Friday, 24 May 2013

Air Accident Investigation Branch Reports - admissibility in evidence at civil proceedings

In civil aviation, few reports are more respected than those of the Department of Transport's Air Accident Investigation Branch (AAIB).  The AAIB undoubtedly seeks to ensure that its investigations are as thorough as possible and that any recommendations are aimed at accident prevention and improved safety.  See the AAIB website where reports are available.

It is definitely NOT the role of the AAIB to apportion blame or liability.  This point became firmly established in the UK as a result of a 1958 accident to a British European Airways (BEA) Viscount aircraft near Prestwick Airport (Scotland) - Accident near Prestwick

Following this accident, concerns arose about the process of investigation and the Cairns Committee was set up - (News report of 2nd March 1961).   Cairns was clear that the purpose of accident investigation should be to expose defects in structure, equipment or operating systems and procedures rather than the apportionment of blame.  The Cairns Committee was reflecting the position already established, for civil aviation, by the Chicago Convention Annex 13 - (see para 3.1 of Accident and Incident Investigation).

Having said this, are the reports of the AAIB admissible in evidence in civil proceedings in the courts? 
This point recently arose in the High Court in Rogers v Hoyle  [2013] EWHC 1409 (QB) Leggatt J.  The claimants in the case are the executors of the estate of Mr Orlando Rogers who was killed in an accident, near Witchampton (Dorset), to a Tiger Moth aircraft in May 2011.  The claimants allege negligence on the part of Mr Hoyle who was the pilot.  They allege that in the course of the flight Mr Hoyle pulled up into a loop at an altitude of about 1400 ft but lost control of the aircraft, which entered into a spin from which Mr Hoyle was not able to recover. The aircraft crashed into a field and Mr Rogers suffered fatal injuries. Mr Hoyle survived the crash.  Prior to the accident, the same pilot had successfully performed loops with another passenger (Mr Diamond) at similar height.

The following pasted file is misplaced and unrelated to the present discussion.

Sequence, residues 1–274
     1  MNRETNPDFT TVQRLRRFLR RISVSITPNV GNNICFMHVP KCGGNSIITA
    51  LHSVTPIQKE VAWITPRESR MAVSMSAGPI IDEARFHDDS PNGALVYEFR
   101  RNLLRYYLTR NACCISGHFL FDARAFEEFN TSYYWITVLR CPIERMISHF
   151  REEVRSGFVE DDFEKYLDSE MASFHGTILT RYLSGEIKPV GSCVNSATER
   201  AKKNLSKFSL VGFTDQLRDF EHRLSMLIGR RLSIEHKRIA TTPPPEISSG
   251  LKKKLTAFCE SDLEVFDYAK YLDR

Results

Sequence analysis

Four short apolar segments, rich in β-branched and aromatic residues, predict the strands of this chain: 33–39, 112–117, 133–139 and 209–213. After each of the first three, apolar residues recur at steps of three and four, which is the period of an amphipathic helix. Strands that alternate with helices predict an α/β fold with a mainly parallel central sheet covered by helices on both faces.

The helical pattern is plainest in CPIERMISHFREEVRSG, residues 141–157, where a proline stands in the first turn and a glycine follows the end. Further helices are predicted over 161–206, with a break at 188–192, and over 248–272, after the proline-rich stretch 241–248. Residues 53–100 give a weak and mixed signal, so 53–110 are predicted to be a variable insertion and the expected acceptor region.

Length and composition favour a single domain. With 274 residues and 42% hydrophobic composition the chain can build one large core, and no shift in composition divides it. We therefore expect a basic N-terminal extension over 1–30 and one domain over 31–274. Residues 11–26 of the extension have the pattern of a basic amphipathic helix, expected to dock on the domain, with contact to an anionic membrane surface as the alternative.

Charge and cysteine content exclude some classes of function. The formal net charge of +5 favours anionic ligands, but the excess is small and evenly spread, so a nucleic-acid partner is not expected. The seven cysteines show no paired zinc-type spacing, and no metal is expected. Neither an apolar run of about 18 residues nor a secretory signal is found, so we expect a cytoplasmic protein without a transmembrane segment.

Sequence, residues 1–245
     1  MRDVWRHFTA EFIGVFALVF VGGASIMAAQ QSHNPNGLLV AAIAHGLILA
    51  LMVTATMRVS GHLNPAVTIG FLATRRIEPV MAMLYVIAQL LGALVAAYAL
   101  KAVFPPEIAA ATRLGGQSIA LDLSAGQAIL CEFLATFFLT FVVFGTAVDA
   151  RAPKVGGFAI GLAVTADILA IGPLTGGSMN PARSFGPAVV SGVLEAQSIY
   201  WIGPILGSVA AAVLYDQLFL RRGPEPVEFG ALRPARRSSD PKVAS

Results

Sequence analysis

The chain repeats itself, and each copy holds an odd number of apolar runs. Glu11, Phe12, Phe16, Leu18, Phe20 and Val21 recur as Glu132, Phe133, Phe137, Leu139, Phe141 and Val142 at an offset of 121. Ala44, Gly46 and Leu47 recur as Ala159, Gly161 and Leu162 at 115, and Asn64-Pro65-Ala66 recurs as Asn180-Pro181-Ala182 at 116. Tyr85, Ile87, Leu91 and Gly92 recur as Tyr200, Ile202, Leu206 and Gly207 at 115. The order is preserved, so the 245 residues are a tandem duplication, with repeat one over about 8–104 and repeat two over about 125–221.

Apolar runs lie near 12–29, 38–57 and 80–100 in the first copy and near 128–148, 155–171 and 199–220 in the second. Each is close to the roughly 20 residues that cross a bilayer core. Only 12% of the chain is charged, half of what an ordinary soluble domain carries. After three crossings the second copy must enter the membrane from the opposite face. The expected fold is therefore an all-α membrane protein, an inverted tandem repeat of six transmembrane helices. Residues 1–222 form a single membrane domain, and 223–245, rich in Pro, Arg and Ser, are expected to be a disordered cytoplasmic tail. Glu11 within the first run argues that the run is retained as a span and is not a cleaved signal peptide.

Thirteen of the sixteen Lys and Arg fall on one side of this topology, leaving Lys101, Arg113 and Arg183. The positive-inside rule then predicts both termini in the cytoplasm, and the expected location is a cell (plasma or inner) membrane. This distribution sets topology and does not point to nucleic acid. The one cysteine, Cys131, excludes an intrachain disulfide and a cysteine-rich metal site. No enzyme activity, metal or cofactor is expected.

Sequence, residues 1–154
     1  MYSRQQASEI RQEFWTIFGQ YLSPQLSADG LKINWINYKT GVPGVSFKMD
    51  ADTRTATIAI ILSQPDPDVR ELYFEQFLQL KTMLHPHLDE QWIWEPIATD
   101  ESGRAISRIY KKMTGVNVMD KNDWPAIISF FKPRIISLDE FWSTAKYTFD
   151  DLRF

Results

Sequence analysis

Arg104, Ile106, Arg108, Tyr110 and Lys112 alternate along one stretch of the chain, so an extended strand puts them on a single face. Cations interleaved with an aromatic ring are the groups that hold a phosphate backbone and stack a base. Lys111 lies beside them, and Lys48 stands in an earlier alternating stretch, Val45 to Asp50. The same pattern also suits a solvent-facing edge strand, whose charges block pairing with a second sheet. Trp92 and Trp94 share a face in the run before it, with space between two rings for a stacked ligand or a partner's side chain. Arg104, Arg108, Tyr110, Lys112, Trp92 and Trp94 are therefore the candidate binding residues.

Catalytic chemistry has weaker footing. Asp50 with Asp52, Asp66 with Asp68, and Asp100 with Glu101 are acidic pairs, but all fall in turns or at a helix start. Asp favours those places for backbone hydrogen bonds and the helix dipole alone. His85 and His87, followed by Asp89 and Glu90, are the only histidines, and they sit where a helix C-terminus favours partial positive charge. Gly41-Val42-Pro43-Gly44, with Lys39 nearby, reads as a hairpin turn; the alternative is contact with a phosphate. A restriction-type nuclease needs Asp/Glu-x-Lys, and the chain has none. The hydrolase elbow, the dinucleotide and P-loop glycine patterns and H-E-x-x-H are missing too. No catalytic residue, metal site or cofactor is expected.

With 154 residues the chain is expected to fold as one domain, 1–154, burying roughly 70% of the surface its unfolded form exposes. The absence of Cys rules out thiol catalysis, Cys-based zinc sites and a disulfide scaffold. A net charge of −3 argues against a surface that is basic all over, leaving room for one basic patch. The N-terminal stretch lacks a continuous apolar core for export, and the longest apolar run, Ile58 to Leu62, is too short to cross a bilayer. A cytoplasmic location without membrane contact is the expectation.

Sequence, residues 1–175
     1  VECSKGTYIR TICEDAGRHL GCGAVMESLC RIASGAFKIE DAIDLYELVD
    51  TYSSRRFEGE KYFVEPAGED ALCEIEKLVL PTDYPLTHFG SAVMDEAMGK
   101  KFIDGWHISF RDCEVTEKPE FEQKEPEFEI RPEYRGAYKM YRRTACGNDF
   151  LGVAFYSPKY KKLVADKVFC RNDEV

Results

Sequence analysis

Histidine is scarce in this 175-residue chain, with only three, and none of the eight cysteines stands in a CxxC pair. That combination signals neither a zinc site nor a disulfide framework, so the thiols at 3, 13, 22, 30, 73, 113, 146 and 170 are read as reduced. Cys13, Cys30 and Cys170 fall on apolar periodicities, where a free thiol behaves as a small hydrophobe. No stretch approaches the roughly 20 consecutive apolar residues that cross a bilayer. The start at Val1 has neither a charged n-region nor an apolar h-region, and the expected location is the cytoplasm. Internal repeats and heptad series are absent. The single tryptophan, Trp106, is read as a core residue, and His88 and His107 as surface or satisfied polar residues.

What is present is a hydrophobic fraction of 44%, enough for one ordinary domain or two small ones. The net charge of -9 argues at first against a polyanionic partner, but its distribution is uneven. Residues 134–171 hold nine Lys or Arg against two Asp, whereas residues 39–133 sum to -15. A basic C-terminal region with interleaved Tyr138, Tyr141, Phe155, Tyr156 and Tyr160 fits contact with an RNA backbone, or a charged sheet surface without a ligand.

(Note: In aviation, the term 'altitude' refers to elevation above sea level.  Height refers to elevation above a particular point on the ground.  However, nothing appears to depend on this distinction).

The claimants argue that Hoyle was negligent in that he attempted to perform a loop (a) when he had no or no sufficient training and expertise in aerobatic flying or spin recovery and (b) at a dangerously low altitude such that there was insufficient airspace to recover from a spin. The defendant's case is that he was not attempting to perform a loop when the accident occurred. He says that the rudder pedals jammed and that he was not able to prevent the aircraft from stalling and flipping over into a spin from which, because the pedals were jammed, he could not recover.

Having set out the respective arguments of the parties [paras 3 to 7], Leggatt J then set out the legislative basis for the AAIB [8-10] and the statutory rules governing air accident investigation [11-17].  The AAIB report (of 14th June 2012) is referred to at para. 18.  The claimants sought to rely on the report as hearsay evidence [19-20].  The admission of such evidence in civil cases is subject to the Civil Evidence Act 1995. The Act aims to allow hearsay evidence to be admitted with a number of safeguards.  The defendant (Hoyle) contested admissibility [21-24] and the claimants counter arguments are set out at [25-26].

Leggatt J pointed out [27] that RELEVANCE is the paramount consideration in modern law. The law had moved away from rules automatically excluding relevant evidence.  Exclusionary rules such as the hearsay rule had existed to prevent juries giving excessive weight to such evidence.

Next follows a discussion as to the relevance of the report.  This is interesting for the way in which Leggatt J dealt with the question of what amount to be facts and that which is opinion.  At [45] the judge said:

'If any non-lawyer was told that the law does not permit a court to have regard to the AAIB Report when deciding how the accident was caused, I am sure that he or she would express astonishment at the suggestion. Unless the court is prevented from doing so, it would be foolish and blinkered to ignore such a valuable resource.'

Leggatt J next referred to three cases where judges had considered AAIB reports to be of value though, in those cases, the formal question of their admissibility had not been raised [46-50].  Furthermore, there was no statutory restriction on admissibility of the report itself [51-52].   Hearsay evidence and the Civil Evidence Act 1995 are referred to at [53-56] and Leggatt J noted that there were several factors relating to the AAIB report which would affect the weight to be given to the evidence by the trial judge but not to whether it was admissible.